The effect of herbicides on soil structure

wine science

The effect of herbicides on soil structure

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I’m just preparing a presentation I’m giving in the Netherlands tomorrow, and I came across two pictures I took in the vineyards at Waterkloof in Stellenbosch, South Africa. The first is of one of their vineyards that has been managed biodynamically from the start, which is above. [It’s not an old vineyard.] The soils had a loose structure and were quite pliable.

The second, below is from a vineyard that was previously managed with herbicides. It has just been converted to biodynamics. The two vineyards are only a few paces apart, and share the same soil type, but the vineyard managed with herbicides is like a road.

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Clean cultivating using herbicides (most commonly glyphosate, which is relatively benign) has profound effects on the soil structure. It has effects on the soil microlife, too. It’s generally a really bad idea, but it saves lots of money, and the vineyards look very tidy and orderly.

Gradually, people are beginning to appreciate the importance of what goes on below the ground in viticulture. Plant roots exude a range of  organic nutrients such as organic acids, sugars, amino acids, nucleosides and mucilage. This encourages the development of a community of microbes, including some – called  plant growth-promoting rhizobacteria (PGPR) – that interact with the roots in specific ways, including altering the root structure itself. They promote nutrient uptake and can help plants tolerate drought stress, among other things.

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A recent paper by Patricia Piccoli (above) and colleagues looked at what’s taking place under the ground in Catena’s Adrianna vineyard, in Mendoza, Argentina – and specifically which bacterial strains are present in the soil. They took root and soil samples every 10 cm to a depth of 80 cm. These were placed in sterile pots and then taken to the laboratory, where the work of characterizing the various bacteria present began. After culturing and examining the various isolated strains, Patricia analysed the DNA to identify the species present. In all, 11 strains of soil bacteria were isolated, and these were from 10 different genera. Of these, two were selected as having characteristics of plant growth promoting rhizobacteria (PGPR). These were Bacillus licheniformis and Pseudomonas fluorescens, both of which produced the plant hormones abscisic acid (ABA), indole-3-acetic acid (IAA) and the gibberellins A1 and A3. They also colonized roots of Malbec grape vines grown in controlled conditions in pots. Vines that had these bacteria on their roots showed ABA levels that were increased 76-fold by B. licheniformis and 40-fold by P. fluorescens, when compared with controls. These bacteria slowed down the rate of water loss in the vines, and this slowing of water loss correlated with increased ABA levels. Because the levels of ABA found were so high, Patricia and colleagues think this indicates that the increase is due to production by the bacteria plus production by the vine as a response to the interaction with the microorganisms.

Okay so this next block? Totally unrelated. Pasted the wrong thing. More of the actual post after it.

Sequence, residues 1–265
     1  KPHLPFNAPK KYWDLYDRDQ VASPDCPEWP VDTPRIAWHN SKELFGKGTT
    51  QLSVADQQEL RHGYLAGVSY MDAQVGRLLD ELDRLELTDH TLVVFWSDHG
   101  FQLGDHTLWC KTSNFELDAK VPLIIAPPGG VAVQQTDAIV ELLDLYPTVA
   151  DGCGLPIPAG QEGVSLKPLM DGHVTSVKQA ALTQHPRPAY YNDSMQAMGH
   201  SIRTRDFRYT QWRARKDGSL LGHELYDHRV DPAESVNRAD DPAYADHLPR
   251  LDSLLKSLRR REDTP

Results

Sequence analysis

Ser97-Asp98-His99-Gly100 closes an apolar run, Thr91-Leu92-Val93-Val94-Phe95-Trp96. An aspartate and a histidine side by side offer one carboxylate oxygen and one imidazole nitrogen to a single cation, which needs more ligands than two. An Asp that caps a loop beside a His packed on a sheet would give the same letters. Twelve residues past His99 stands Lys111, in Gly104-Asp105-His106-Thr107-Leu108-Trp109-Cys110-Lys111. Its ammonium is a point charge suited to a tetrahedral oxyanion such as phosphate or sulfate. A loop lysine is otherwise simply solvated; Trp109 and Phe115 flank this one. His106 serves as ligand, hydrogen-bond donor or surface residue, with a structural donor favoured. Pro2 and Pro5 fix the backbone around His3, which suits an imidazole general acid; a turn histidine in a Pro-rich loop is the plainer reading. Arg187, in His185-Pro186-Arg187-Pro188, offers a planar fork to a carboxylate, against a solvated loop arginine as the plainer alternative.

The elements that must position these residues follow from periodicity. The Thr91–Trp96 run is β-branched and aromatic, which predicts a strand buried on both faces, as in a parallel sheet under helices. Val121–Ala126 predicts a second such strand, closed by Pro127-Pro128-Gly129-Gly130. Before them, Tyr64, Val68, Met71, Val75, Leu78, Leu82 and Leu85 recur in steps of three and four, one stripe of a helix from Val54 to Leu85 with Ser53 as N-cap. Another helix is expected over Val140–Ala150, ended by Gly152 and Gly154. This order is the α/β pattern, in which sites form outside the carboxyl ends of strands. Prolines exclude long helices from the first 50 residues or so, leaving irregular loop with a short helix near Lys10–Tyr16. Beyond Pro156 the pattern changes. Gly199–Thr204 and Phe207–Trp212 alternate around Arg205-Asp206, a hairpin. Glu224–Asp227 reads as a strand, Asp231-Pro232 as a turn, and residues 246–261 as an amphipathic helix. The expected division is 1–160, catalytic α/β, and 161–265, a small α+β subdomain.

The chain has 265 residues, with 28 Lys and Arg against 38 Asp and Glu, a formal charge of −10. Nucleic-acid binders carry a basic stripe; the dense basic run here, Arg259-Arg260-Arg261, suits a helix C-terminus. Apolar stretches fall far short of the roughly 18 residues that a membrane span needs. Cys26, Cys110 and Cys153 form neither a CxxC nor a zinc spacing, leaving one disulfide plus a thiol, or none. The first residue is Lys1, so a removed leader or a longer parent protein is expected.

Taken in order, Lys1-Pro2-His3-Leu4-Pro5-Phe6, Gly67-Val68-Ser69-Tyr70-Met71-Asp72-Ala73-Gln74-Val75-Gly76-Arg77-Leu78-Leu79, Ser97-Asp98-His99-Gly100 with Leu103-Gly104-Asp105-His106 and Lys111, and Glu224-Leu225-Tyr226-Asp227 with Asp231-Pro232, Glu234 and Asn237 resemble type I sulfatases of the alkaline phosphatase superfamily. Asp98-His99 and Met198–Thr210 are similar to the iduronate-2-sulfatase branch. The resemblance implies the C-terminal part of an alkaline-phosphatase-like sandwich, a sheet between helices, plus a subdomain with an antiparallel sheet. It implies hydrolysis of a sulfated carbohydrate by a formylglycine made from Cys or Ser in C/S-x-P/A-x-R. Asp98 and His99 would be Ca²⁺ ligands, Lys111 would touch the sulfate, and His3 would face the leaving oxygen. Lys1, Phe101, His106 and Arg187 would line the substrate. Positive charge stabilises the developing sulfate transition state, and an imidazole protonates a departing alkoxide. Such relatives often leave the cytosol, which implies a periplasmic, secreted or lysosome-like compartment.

The bacteria also increased the production of terpenes, which are associated with plant defence against microbial attack. Interestingly, high levels of terpenes were found in the aerial part of the vine whereas the bacteria were present just on the roots. This suggests that these bacteria are able to cause what is known as induced systemic resistance in vines, because the synthesis of terpenes was found mainly in leaves, which would be the part of the vine mainly subject to any microbial attack.

There’s a lot happening under the ground that’s really important in viticulture, and we don’t know enough about it. But killing soil life by using herbicides is clearly a silly thing to do.

17 Comments on The effect of herbicides on soil structureTagged
wine journalist and flavour obsessive

17 thoughts on “The effect of herbicides on soil structure

  1. Can’t agree more! The use of compost, legumes; and other cover crops rather than synthetic fertilisers also makes a significant contribution to soil health.

  2. Great post Jamie… Thank you. Makes you realise where the real World Wide Web exists. They say you’re standing on dirt but it’s really the rooftop of another Kingdom…

  3. Good article. The organic matter and microbial life in the vineyard soil is obviously far more important that the type of stones that are present on the surface but people are still caught up on the stones being the most important factor in terroir.

  4. “Vines that had these bacteria on their roots showed ABA levels that were increased 76-fold by B. licheniformis and 40-fold by P. fluorescens, when compared with controls.”

    Jamie, I note this was taken from the abstract with the paper behind a paywall. Are the control soil samples taken from other vineyards or from soils that have no history of viticulture?